“What fools these mortals be!” is an oft-cited passage from Shakespeare’s Midsummer Night’s Dream. In my memory, I sometimes recall it to read: “What fools we mortals be,” as if it were spoken by one of our kind who looks back at man’s checkered record of living on this earth. But the passage is rather spoken by Puck, a sprite, an observer not of our lineage.
Something non-human sees our real situation. To me, this Shakespearean passage always contained a warmth about it – a “what-else-would-you-expect of this odd lot we call humanity?” The myriads of foibles, yes sins, of our kind were not, ipso facto, a reason why we should not exist. Surely someone must enjoy seeing how it all plays out. If the sheep were not lost, the “more joy in heaven” could not have happened.
In our literature, fools – such as court jesters or comedians – are often poignant characters. Men who make us laugh frequently lead rather sad lives – I think of Jimmy Durante, Bert Lahr, the Marx Brothers, even Jack Benny. At “Comedy Central,” which I seldom find funny, I often seem to see desperate men and women doing their level best to pretend to themselves that the world is not something other than one big joke.
Yet not surprisingly, really funny stories, incidents, yarns, parodies, and self-descriptions are found almost everywhere. What would our lives be without them? Any comedian, probably any human being, at some point has to see himself or allow others to see him as a fool.
Scripture does not give fools much of a break. We are not supposed to call anyone a fool. (Matthew 5:22) It is the fool who claims that, “There is no God.” (Psalm 14:1) Whether all those who make this “no god” claim are fools can be debated. Paul tells the Corinthians that what philosophers teach is often pretty foolish. He even tells us that, “the foolishness of God is wiser than the thoughts of men.” Meanwhile, the Gentiles think that teaching about Christ crucified is a bit “foolish.” The Second Psalm tells us: “He that sitteth in the heavens shall laugh” at those who rage against the Lord.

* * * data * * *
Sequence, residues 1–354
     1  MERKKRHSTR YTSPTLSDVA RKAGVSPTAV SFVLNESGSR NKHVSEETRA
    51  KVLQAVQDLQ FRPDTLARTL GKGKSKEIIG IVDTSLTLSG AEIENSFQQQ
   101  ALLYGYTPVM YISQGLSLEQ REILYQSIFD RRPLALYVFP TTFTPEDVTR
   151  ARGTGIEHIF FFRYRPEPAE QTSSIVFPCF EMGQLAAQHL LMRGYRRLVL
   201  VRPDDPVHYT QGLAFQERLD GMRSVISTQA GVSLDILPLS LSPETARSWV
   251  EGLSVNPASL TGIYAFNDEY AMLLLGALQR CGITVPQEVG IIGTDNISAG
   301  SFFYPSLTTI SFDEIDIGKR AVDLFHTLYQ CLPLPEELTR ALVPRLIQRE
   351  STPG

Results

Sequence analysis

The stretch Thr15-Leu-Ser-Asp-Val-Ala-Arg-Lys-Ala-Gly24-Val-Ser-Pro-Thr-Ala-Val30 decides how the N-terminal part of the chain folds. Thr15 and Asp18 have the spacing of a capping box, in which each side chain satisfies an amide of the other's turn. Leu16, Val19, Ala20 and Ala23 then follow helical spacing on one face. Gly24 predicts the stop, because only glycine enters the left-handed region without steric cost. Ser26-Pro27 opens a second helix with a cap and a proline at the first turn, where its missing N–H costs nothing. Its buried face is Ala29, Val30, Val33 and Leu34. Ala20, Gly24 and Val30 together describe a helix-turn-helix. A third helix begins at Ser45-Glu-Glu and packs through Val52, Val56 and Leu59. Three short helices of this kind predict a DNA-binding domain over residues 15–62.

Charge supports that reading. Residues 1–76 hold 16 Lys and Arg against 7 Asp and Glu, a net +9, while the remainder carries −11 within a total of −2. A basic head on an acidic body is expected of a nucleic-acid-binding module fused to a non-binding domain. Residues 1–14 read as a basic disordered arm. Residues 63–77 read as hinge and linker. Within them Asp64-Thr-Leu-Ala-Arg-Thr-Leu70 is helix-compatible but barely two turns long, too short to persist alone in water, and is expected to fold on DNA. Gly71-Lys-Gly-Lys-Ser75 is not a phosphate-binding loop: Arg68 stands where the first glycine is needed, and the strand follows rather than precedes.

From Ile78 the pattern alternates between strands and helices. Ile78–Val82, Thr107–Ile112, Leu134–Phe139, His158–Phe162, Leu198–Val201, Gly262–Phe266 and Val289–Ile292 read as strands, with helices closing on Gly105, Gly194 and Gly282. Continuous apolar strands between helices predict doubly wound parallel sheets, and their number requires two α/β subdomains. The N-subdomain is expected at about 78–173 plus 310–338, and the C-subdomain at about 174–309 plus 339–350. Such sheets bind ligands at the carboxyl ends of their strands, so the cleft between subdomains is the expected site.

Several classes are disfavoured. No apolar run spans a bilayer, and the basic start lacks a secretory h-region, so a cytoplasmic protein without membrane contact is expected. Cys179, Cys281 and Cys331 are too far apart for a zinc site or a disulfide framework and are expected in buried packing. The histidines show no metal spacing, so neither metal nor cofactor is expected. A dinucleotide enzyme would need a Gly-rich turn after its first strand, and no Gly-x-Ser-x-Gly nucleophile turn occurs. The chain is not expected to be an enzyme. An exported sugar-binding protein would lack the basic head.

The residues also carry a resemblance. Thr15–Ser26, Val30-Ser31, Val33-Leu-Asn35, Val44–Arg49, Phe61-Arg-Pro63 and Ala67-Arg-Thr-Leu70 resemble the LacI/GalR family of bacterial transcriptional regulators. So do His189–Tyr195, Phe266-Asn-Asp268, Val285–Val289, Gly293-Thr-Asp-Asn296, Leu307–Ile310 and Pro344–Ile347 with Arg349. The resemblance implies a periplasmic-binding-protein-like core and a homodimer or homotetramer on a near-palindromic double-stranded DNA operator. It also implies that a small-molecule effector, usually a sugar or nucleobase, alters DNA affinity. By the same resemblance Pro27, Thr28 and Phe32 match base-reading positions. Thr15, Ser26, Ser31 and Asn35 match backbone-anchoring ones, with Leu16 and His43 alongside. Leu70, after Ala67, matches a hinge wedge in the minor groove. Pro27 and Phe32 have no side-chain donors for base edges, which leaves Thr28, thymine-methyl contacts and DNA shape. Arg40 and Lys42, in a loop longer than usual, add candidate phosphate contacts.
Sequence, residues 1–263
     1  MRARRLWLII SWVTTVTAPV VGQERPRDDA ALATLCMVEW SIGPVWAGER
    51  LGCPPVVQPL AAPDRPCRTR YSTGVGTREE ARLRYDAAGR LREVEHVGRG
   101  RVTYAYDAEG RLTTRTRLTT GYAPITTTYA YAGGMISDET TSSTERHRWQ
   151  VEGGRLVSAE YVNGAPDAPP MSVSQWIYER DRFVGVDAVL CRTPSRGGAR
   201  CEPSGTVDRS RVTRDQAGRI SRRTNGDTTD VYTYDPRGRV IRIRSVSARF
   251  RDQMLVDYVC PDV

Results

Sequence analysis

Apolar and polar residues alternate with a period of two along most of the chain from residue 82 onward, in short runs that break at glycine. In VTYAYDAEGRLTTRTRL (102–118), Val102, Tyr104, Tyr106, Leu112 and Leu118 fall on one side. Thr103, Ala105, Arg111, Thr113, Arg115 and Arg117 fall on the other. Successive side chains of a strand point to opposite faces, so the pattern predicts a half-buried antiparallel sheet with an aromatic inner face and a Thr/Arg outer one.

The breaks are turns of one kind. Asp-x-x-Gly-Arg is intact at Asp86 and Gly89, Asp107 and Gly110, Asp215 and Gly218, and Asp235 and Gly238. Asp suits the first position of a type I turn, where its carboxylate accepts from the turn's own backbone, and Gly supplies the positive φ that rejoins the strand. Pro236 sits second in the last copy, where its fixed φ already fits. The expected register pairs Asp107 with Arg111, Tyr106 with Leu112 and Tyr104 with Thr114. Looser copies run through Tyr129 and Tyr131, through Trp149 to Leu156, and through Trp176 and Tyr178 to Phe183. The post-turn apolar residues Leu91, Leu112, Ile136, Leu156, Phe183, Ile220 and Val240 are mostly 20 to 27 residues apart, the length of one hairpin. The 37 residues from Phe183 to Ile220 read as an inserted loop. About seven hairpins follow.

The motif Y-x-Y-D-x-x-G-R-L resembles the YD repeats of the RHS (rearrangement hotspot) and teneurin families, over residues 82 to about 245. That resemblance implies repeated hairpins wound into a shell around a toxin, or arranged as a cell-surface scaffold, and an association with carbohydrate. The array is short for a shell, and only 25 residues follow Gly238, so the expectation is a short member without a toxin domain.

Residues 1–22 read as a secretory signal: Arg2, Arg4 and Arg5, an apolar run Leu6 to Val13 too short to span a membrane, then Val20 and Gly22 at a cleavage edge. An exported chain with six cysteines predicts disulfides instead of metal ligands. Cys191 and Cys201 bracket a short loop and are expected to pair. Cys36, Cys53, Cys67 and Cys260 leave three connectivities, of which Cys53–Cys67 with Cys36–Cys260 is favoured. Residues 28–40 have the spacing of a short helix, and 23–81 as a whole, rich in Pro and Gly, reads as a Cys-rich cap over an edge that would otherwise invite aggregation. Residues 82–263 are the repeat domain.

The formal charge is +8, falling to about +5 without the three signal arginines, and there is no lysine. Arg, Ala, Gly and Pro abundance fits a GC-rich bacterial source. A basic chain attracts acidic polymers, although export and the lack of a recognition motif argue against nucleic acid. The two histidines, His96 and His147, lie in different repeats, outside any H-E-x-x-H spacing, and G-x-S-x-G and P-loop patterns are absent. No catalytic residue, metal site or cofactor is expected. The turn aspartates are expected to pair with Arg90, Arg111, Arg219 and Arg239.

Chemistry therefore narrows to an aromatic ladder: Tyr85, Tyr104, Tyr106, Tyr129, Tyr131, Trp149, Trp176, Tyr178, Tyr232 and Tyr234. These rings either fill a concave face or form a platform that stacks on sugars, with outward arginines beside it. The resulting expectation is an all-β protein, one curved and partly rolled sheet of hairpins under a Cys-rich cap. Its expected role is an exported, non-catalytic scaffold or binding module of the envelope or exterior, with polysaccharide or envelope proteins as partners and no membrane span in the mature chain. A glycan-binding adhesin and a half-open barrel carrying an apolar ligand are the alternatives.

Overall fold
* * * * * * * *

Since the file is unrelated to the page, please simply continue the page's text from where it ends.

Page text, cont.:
A number of studies are grouped around the paradoxical notion of “Christ the Fool.” The point of such considerations is that Christ looked so odd to the world that He will always be taken for a madman or a fool. His own relatives seem to have thought this way. When confronted with the possibility that Christ really was what He said He was, we are left with little leeway. Either He was a fool or He was the Messiah. If the latter be the case, the term has a whole new meaning to us when He is called foolish.
In another sense, however, foolishness stands for a certain lightsomeness about our place in the world. Not all things are serious. Not all serious things are solemn. Almost every solemn occasion can cause an incident of laughter when something goes wrong. When we finally see the point of a joke, its reasons, when we finally succeed in “getting it,” our reaction is a sense of elation. Paul talked about the delight of those who ran the race. No joy can be found in an inert existence.
In a sequence entitled, “Charlie Brown on Self-Respect,” Charlie sits alone on a playground bench. He says to himself forlornly: “I always have to have lunch alone.” But he adds: “I’d sure like to have lunch with that little red-haired girl.” He gets a foolish idea: “I wonder if I walked over and asked her to have lunch with me.” But to himself, he figures, “she’d probably laugh right in my face.” Still by himself, he concludes poignantly, “It’s hard on a face when it gets laughed at.”
Is there such a thing as a fool? I suppose we could say: “Why, I meet one or two every day!” We know that others meet us. We wonder if they think us fools. And if so, do they have grounds for so thinking? Too often they do.
I recall a ballad that contained the refrain: “I’m a fool, I know, for loving you.” Loving famously brings out odd things in lovers. The world is amused (or at least was) by moonstruck lads, suddenly acting in an erratic manner on meeting “the right young lady.” “Lovers’ quarrels” should best end in a laughter that, on working things out, is the result of recognizing in oneself some foolishness or other.
But the paradoxical image of “Christ the Fool” still haunts. It was the Man who was thought a fool even by wise professors, clerics, and His own relatives who redeemed us. Why did they taunt Him as foolish? I suppose because they could not imagine anything better than they had. The Divine Fool could.